They may feel different from their friends or frustrated that they can’t participate in activities. This can be damaging to a young child who may not understand what is going on with their body. According to the Head Start Program’s School Nurse, 18% of the students currently enrolled in September 2012 suffer from asthma (T. Pellerin, personal communication, September 25, 2012). This number only reflects the children with identified health concerns. There may be other children who have not been screened or classified. These children may also be living in homes where adults or other family members expose them to cigarette smoke.

Some parents may not understand the link between environmental triggers and their child’s illness. The public health nurse can assist these families on many levels of prevention. Through education and awareness, parents can learn about signs and symptoms of asthma as well as the need for screening and classifying their child’s severity. They can be alerted to possible triggers and ways to avoid them in their environment. Keeping a clean home, free of trash and open food products, can reduce the chances of insect infestation and dander accumulation.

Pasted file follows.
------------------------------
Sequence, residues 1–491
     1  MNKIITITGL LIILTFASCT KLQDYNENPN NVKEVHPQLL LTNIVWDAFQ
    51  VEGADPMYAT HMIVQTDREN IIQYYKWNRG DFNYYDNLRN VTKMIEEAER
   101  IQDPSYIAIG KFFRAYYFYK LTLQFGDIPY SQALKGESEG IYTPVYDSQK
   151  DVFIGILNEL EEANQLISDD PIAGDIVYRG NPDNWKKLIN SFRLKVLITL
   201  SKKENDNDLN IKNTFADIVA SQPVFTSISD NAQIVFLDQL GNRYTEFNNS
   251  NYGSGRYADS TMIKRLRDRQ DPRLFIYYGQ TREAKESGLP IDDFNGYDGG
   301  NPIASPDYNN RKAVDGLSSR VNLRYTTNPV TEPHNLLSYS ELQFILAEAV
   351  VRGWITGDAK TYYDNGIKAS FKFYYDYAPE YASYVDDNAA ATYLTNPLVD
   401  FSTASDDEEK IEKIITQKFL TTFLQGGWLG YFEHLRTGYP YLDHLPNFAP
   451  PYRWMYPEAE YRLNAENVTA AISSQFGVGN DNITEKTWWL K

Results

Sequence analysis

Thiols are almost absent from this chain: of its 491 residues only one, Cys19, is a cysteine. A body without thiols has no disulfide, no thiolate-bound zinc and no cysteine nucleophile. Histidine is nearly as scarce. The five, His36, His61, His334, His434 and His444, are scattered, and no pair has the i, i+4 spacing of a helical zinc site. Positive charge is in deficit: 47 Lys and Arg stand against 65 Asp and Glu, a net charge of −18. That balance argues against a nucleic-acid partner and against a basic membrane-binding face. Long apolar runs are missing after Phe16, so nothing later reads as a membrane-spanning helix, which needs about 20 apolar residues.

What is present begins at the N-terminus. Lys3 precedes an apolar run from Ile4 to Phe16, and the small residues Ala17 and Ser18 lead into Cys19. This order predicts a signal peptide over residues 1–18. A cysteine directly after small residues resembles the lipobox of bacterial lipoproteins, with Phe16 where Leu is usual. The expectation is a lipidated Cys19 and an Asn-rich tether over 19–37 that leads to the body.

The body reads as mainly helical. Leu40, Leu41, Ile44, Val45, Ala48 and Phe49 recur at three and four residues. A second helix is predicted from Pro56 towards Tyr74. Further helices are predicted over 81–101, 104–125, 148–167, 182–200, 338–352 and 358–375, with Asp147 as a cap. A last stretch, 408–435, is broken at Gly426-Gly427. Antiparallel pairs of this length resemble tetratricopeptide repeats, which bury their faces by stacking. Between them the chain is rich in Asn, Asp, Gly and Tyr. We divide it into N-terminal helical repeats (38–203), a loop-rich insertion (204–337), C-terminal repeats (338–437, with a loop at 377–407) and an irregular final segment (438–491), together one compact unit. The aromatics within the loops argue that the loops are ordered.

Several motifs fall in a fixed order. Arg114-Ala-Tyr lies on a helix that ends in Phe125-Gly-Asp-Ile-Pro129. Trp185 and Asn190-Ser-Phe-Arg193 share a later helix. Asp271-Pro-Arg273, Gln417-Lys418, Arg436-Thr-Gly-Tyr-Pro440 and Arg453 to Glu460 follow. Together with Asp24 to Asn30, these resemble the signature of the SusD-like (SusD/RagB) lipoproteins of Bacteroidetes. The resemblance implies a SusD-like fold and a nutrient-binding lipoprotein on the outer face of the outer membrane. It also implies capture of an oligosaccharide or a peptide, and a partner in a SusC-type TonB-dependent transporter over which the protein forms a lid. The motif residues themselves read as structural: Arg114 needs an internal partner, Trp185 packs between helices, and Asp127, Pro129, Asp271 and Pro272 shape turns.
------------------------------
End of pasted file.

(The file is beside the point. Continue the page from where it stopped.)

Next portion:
It is also important to make sure a child has access to fresh air as well as avoidance of exposure to cigarette smoke. The nurse can work with health care agencies to assist in diagnosing the child’s asthma as well as implementing effective treatment and management. Children have a right to clean air and this principle begins on the home front. By educating parents and community members about the prevalence of asthma, early intervention can greatly reduce the severity of a child’s asthma condition. Health care agencies need to work together with ommunities to assist families with financial hardships in awareness, management, and treatment. Children will be able to engage in a healthy lifestyle without limitations, missed school days, or risk of hospitalization. Ultimately, the public health nurse can help to improve the Head Start families’ quality of lives with this environmental health concern. References Bacharier, L. , Strunk, R. , Mauger, D. , White, D. , Lemanske, R. , Sorkness, C. (2004). Classifying asthma severity in children. American Journal Respiratory Critical Care Medicine, 170, 426-432. doi: 10. 1165/rccm. 200308-1178OC

Juniper, E. F. (1998), How important is quality of life in pediatric asthma?. Pediatric Pulmonology, 24(15), 17–21. doi: 10. 1002/(SICI)1099-0496(199709) Lenhe, R. (2013) Pharmacology for nursing care (8th ed. ). St. Louis, Missouri: Elsevier. Lewis, S. , Dirksen, S. , Heitkemper, M. , Bucher, L. , Camera, I. (2011) Medical-surgical nursing: Assessment and management of clinical problems volume 1 (8th ed. ). St. Louis, Missouri: Elsevier. Stanhope, M. , Lancaster, J. (2012) Public health nursing: population –centered health care in the community (8th ed. ). Maryland Heights, Missouri: Elsevier.